Magnachip, a South Korean semiconductor company listed on the New York Stock Exchange, announced on Monday that its merger with Chinese private equity firm Wise Road Capital was officially terminated because the case was not approved by the Committee on Foreign Investment in the United States (CFIUS). According to the previous agreement between the two parties, Wise Road Capital will pay $70.2 million as a termination fee to Magnachip.
On March 29 this year, Magnachip announced that it would accept the acquisition proposal of Wise Road Capital. At that time, the firm planned to put forward a takeover bid to acquire all the shares of Magnachip at a premium of 54% and a price of $29 per share, with an overall acquisition amount of $1.4 billion. The transaction was expected to be completed in the second half of 2021, before which it needed to meet some customary closing conditions, including receiving approval from shareholders and regulators.
The acquisition needed to be approved by the governments of South Korea, the United States and China. Since the South Korean government doesn’t consider Magnachip to be involved with sensitive national core technology, there was no need to block the acquisition. The Chinese government approved the acquisition in June.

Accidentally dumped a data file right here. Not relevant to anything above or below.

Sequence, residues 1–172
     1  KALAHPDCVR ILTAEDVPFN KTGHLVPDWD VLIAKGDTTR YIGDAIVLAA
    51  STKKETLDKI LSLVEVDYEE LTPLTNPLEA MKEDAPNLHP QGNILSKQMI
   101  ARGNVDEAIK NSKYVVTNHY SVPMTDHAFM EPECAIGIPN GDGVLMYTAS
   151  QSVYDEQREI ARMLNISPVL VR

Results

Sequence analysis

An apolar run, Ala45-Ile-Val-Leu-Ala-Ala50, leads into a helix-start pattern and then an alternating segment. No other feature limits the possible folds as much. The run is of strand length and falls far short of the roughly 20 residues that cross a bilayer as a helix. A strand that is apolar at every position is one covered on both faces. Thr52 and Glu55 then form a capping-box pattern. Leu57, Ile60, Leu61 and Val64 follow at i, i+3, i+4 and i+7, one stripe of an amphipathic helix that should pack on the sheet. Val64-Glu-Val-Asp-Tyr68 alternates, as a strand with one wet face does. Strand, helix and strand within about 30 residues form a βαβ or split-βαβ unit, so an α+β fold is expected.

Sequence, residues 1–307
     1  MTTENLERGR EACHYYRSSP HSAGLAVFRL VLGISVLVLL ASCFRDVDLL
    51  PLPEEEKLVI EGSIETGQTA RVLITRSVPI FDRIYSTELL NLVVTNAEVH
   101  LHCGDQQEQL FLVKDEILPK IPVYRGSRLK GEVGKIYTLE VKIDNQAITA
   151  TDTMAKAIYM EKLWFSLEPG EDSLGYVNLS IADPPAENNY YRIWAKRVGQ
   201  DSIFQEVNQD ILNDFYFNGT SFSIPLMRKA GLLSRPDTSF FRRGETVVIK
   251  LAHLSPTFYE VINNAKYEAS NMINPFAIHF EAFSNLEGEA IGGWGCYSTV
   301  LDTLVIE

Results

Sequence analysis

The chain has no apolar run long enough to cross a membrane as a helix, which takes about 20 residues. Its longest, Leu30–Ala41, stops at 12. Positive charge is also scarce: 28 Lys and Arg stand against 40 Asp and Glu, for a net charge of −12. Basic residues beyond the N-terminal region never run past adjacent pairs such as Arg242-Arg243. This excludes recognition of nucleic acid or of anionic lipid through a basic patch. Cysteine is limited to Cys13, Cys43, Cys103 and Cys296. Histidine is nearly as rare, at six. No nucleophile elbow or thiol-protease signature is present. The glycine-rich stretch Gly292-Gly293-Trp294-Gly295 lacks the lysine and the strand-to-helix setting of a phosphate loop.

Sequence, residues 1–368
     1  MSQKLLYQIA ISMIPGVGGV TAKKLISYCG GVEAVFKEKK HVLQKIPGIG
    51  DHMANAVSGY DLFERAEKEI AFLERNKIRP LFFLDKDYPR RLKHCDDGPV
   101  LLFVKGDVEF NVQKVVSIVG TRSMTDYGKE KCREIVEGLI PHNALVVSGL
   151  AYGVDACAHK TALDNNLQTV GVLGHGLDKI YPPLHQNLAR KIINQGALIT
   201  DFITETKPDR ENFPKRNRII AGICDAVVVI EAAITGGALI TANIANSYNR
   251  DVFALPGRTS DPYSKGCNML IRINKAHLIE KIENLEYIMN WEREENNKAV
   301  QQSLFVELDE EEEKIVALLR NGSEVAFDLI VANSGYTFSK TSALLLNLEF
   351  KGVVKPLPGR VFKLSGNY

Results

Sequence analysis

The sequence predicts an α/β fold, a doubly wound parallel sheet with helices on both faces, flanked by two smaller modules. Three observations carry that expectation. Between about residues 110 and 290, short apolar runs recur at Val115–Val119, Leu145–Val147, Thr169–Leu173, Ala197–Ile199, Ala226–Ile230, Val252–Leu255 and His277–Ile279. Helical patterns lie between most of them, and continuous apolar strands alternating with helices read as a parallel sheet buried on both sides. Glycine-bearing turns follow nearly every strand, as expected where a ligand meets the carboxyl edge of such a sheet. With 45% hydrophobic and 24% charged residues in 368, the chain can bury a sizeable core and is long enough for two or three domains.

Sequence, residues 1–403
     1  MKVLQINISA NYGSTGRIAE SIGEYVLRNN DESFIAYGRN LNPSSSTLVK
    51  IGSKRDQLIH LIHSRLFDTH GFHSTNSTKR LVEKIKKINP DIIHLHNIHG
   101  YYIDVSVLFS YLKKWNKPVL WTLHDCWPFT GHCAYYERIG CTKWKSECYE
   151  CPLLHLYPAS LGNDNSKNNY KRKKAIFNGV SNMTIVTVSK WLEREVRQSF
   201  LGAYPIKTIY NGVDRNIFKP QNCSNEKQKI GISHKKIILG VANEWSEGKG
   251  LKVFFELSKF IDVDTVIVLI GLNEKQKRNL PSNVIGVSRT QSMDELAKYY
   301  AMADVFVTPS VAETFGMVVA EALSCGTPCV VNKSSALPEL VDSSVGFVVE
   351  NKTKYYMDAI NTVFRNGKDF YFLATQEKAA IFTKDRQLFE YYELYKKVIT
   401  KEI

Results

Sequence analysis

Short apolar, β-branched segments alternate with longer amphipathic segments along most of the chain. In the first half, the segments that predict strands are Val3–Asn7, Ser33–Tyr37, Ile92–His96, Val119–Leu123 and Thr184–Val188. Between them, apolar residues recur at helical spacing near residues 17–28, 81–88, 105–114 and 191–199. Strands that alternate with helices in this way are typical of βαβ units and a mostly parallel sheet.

But the judgment of the United States is quite the opposite. Since May this year, CFIUS began to investigate the acquisition and then quickly designated the display driver chip (DDI) technology for organic light-emitting diode (OLED) panel held by Magnachip as a “national core technology”, creating excuses to prevent the acquisition, and finally delayed approving the acquisition on the grounds of “threatening national security”.
Magnachip was founded in 1979 as the semiconductor division of LG Group. In October 1999, Hyundai Electronics merged with LG Semiconductor and became Hynix Semiconductor. Hyundai then split its semiconductor business to form Hynix in 2003. In October 2004, after Magnachip was split from SK Hynix, it was acquired by Citigroup Venture Capital, and changed its name to Magnachip. However, its R&D center and production base are all in South Korea, and most of its top executives are Korean.
According to public data, Magnachip is one of the companies that dominates the global AMOLED driver chip market, and is also the first semiconductor company to develop OLED driver chips with 28nm process technology. It has a number of related patents. Last year, the company achieved sales revenue of $507 million and operating profit of $32.645 million.
In addition to this acquisition, SK Hynix’s previous plan to put the semiconductor equipment of Dutch ASML company into a Wuxi factory in China was also jeopardized because of the White House’s opposition.